Feds grant Utah’s largest coal producer a royalty discount worth up to $19 million for mining hard-to-reach deposits
(Chris Detrick | Tribune file photo) Utah Gov. Gary R. Herbert at the Sufco Mine in Emery County in 2011. Federal regulators have granted a substantial royalty rate discount — worth up to $19 million — due to unspecified geological difficulties in extracting coal in the Upper Hiawatha seam in Sufco’s Quitchupah and new Greens Hollow leases.
Utah’s largest coal mine is getting a fee discount worth up to $19 million after the Bureau of Land Management authorized a royalty reduction in recognition of unspecified difficulties the company faces in extracting certain deposits of coal.
The BLM quietly granted the reduction on March 6, lowering the standard 8 percent royalty rate to 5 percent
on 15.1 million tons of coal extracted from the Sufco Mine on the Wasatch Plateau, where Utah’s Sevier, Sanpete and Emery counties come together.
The BLM decision, which represents a substantial loss of revenue that would otherwise go to local governments, cited “significant and unique adverse geologic conditions,” but gave no further explanation of why such a generous reduction is warranted, presumably to protect propriety information submitted by the mine’s owner, Bowie Resource Partners.
“The royalty rate reduction will allow BLM to require the operating mine to recover and not waste the coal energy,” wrote BLM spokesman Ryan Sutherland in an e-mail.
The rate reduction is retroactive to Nov. 1, 2017, and expires after six years, according to the decision notice BLM Utah state director Ed Roberson sent to Sufco general manager John Byars. The document was recently filed with the Utah Division of Oil, Gas and Mining
(DOGM), which oversees coal mining.
The royalty change applies to coal in the Upper Hiawatha seam in Sufco’s Quitchupah and new Greens Hollow leases, documents indicate.
Byars did not respond to requests for comment.
The BLM typically weighs royalty reductions
in secret, refusing to divulge even basic information, such as how big a reduction the applicant is seeking, how much coal is involved and the reasons for proposed reductions.
Sutherland said that adverse geological conditions made the coal in question harder to mine and would lead directly to abnormally high operating costs. But, he said, “disclosing a more exact location and extent of such conditions would place the operating mine at a disadvantage in the open market bidding to supply coal energy.”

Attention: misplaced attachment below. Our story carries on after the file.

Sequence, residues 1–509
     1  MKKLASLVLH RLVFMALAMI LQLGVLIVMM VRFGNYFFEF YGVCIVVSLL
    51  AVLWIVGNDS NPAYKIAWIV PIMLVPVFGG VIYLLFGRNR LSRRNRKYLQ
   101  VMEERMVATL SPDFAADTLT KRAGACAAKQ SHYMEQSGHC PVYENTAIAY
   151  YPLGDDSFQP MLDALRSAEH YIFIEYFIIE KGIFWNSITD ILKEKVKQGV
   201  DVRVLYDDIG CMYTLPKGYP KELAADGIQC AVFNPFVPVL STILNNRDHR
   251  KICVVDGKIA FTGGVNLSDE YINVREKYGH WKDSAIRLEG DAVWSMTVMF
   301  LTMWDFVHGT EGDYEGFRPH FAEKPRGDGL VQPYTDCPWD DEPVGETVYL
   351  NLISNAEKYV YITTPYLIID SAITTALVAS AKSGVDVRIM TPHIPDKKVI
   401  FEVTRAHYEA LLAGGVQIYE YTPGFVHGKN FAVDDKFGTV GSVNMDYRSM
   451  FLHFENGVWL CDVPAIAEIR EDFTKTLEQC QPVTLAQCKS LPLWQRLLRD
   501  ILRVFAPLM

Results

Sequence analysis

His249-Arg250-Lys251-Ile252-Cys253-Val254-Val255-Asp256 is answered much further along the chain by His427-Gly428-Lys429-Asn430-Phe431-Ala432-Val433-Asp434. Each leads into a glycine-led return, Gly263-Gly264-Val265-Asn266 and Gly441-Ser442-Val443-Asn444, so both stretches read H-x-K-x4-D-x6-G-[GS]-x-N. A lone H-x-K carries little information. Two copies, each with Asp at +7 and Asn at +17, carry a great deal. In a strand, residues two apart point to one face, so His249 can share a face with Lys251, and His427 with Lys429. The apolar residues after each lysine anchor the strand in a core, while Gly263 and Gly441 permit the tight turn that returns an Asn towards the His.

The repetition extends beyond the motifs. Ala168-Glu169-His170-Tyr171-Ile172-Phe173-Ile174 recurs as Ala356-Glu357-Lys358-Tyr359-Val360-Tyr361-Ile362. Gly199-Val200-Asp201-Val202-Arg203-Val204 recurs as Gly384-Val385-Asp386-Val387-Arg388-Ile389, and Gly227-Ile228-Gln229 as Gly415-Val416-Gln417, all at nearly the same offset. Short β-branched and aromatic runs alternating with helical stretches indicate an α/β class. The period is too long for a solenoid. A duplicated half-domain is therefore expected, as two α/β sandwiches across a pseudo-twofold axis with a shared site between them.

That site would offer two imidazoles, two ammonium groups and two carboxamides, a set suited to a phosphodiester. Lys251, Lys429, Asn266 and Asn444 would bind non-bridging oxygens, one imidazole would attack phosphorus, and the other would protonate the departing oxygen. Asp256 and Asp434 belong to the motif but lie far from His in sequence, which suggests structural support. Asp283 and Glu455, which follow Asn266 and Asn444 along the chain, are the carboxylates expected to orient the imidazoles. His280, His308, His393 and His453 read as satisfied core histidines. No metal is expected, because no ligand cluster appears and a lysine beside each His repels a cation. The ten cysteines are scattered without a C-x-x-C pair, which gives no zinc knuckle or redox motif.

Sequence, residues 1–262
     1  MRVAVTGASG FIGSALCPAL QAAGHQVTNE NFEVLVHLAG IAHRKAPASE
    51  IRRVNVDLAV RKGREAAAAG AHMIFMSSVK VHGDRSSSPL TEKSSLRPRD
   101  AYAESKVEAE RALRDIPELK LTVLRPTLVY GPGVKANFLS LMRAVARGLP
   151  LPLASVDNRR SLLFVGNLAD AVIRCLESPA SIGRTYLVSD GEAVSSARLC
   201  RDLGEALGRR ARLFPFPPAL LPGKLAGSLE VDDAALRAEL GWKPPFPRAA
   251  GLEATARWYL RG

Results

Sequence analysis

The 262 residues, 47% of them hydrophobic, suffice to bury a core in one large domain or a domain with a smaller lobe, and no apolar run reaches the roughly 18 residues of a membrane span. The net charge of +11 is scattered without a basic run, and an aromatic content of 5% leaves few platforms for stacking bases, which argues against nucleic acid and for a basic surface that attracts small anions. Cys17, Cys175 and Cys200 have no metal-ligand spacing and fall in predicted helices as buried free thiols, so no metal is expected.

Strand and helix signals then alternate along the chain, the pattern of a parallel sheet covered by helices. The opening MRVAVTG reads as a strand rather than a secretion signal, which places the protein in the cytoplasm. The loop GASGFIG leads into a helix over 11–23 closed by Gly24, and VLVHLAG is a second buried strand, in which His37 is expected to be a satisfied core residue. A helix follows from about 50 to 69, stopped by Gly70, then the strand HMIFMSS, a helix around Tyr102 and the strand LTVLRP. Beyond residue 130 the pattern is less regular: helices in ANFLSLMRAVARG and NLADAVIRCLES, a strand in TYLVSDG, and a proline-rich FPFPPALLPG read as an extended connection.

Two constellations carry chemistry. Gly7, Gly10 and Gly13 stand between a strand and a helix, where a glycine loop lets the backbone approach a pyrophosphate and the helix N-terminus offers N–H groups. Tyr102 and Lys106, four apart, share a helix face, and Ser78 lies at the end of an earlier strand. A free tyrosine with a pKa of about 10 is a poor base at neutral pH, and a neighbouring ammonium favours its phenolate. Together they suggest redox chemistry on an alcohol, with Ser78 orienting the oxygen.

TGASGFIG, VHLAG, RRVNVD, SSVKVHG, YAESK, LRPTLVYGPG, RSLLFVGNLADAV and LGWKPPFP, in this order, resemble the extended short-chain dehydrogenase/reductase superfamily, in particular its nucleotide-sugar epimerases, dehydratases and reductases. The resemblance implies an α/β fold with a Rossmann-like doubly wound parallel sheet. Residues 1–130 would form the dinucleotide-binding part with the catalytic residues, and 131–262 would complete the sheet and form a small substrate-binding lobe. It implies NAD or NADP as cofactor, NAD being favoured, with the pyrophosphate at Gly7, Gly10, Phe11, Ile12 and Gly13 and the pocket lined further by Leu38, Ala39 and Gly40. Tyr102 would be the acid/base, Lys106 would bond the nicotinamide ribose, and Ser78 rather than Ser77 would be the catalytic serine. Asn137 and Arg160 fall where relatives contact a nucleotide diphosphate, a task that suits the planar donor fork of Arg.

State regulators at DOGM had signed off on Sufco’s proposed rate reduction and officials cautioned against characterizing it as a break, instead arguing that such royalty reductions are reasonable in light of unforeseen factors that depress the value of the coal or boost the cost of extraction.
Officials said they endorsed Sufco’s royalty relief because the coal cannot otherwise be profitably mined and could remain in the ground, where it would generate no money at all. But critics of the coal industry say such discounts amount to another subsidy to a long-pampered industry
that is now endangered by falling commodity prices.
“If this coal can only be mined by stiffing Utah and local taxpayers, it’s a bad deal,” said Ted Zukoski, an attorney with Earthjustice who has challenged royalty reductions sought by other coal companies.
“We’re already paying huge costs for coal in the form of toxic coal ash ponds, more mercury in our rivers, streams and fish, and air pollution that harms public health,” Zukoski said. “How much more must we pay for dirty coal?”
At current prices for Utah coal
, which is selling for about $42 per ton on spot markets, Bowie’s royalty reduction cuts revenue to the federal treasury by $19 million. Half of federal mineral revenues are shared with the state hosting the mineral extraction on public lands, and Utah distributes much of the money, in turn, to the counties involved.
In other words, Sufco’s royalty relief could translate into a $9.5 million hit to local governments in rural Utah. The company must document that difficult mining conditions continue to warrant the royalty break, by submitting a confidential accounting of the conditions and “operating margins” every six months for review by BLM mine inspectors.
The BLM can terminate Bowie’s rate reduction if adverse conditions are not verified in two consecutive inspections, according to the BLM’s decision notice.
At the same time, a smaller Utah coal producer is getting another kind of break. Records indicate Alton Coal Development remains delinquent on three years’ worth of property taxes owed to Kane County.
The owners of the Coal Hollow Mine outside Alton owe Kane County $590,232.76 in unpaid taxes, penalties and interest on land and mineral rights where they operate a strip mine, according to the county treasurer.
Alton Coal Development is obligated to pay taxes on three 1-mile-square sections, assessed at $17 million, according to the Kane County assessor’s office. With an annual tax bill of around $176,000, the firm hasn’t paid its property tax in 2014, 2015 and 2017.
Meanwhile, Utah taxpayer dollars are being used to support Alton’s interests in several legal actions.
Public money funded a lawsuit that Kane County brought, at Alton Coal’s request, to end a short-lived moratorium on federal coal leases. The Utah Legislature has also set aside public money to fund the company’s proposed lawsuit against California’s cap-and-trade program
that raises the cost of power generated by Utah coal.